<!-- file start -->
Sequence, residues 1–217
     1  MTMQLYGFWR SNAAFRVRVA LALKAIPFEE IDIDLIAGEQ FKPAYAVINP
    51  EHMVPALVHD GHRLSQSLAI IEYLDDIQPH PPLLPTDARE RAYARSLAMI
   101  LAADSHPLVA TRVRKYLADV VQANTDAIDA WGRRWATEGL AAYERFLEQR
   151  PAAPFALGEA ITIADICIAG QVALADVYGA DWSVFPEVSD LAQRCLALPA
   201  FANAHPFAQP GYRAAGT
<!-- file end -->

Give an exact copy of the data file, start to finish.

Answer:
Sequence, residues 1–217
     1  MTMQLYGFWR SNAAFRVRVA LALKAIPFEE IDIDLIAGEQ FKPAYAVINP
    51  EHMVPALVHD GHRLSQSLAI IEYLDDIQPH PPLLPTDARE RAYARSLAMI
   101  LAADSHPLVA TRVRKYLADV VQANTDAIDA WGRRWATEGL AAYERFLEQR
   151  PAAPFALGEA ITIADICIAG QVALADVYGA DWSVFPEVSD LAQRCLALPA
   201  FANAHPFAQP GYRAAGT